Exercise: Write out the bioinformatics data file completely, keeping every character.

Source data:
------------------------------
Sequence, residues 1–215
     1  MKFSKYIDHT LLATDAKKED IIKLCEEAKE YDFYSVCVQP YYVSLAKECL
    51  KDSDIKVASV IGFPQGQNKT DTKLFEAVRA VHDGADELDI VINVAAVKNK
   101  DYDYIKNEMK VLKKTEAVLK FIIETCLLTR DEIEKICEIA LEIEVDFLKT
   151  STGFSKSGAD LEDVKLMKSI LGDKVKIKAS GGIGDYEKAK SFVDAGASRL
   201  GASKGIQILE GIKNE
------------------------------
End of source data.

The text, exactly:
Sequence, residues 1–215
     1  MKFSKYIDHT LLATDAKKED IIKLCEEAKE YDFYSVCVQP YYVSLAKECL
    51  KDSDIKVASV IGFPQGQNKT DTKLFEAVRA VHDGADELDI VINVAAVKNK
   101  DYDYIKNEMK VLKKTEAVLK FIIETCLLTR DEIEKICEIA LEIEVDFLKT
   151  STGFSKSGAD LEDVKLMKSI LGDKVKIKAS GGIGDYEKAK SFVDAGASRL
   201  GASKGIQILE GIKNE